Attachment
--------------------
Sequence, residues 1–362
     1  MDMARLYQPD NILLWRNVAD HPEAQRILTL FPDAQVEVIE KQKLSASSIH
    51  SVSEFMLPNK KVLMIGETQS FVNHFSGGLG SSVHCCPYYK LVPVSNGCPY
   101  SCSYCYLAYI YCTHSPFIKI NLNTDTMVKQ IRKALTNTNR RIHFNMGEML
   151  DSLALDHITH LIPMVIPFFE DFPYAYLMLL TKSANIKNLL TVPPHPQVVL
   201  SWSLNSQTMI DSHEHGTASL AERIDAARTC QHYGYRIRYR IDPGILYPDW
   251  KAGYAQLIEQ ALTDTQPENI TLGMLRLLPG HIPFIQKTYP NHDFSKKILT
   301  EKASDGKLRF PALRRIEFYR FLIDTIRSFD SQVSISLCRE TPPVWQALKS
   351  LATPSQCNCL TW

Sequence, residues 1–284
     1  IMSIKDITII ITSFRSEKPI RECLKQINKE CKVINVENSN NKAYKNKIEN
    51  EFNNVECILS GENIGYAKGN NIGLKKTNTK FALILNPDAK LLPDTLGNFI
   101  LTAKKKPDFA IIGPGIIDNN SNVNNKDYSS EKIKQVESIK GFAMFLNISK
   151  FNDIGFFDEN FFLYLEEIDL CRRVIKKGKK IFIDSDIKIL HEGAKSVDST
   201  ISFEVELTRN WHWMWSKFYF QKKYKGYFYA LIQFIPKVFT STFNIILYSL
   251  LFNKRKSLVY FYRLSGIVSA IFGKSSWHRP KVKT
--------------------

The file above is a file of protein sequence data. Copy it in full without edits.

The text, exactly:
Sequence, residues 1–362
     1  MDMARLYQPD NILLWRNVAD HPEAQRILTL FPDAQVEVIE KQKLSASSIH
    51  SVSEFMLPNK KVLMIGETQS FVNHFSGGLG SSVHCCPYYK LVPVSNGCPY
   101  SCSYCYLAYI YCTHSPFIKI NLNTDTMVKQ IRKALTNTNR RIHFNMGEML
   151  DSLALDHITH LIPMVIPFFE DFPYAYLMLL TKSANIKNLL TVPPHPQVVL
   201  SWSLNSQTMI DSHEHGTASL AERIDAARTC QHYGYRIRYR IDPGILYPDW
   251  KAGYAQLIEQ ALTDTQPENI TLGMLRLLPG HIPFIQKTYP NHDFSKKILT
   301  EKASDGKLRF PALRRIEFYR FLIDTIRSFD SQVSISLCRE TPPVWQALKS
   351  LATPSQCNCL TW

Sequence, residues 1–284
     1  IMSIKDITII ITSFRSEKPI RECLKQINKE CKVINVENSN NKAYKNKIEN
    51  EFNNVECILS GENIGYAKGN NIGLKKTNTK FALILNPDAK LLPDTLGNFI
   101  LTAKKKPDFA IIGPGIIDNN SNVNNKDYSS EKIKQVESIK GFAMFLNISK
   151  FNDIGFFDEN FFLYLEEIDL CRRVIKKGKK IFIDSDIKIL HEGAKSVDST
   201  ISFEVELTRN WHWMWSKFYF QKKYKGYFYA LIQFIPKVFT STFNIILYSL
   251  LFNKRKSLVY FYRLSGIVSA IFGKSSWHRP KVKT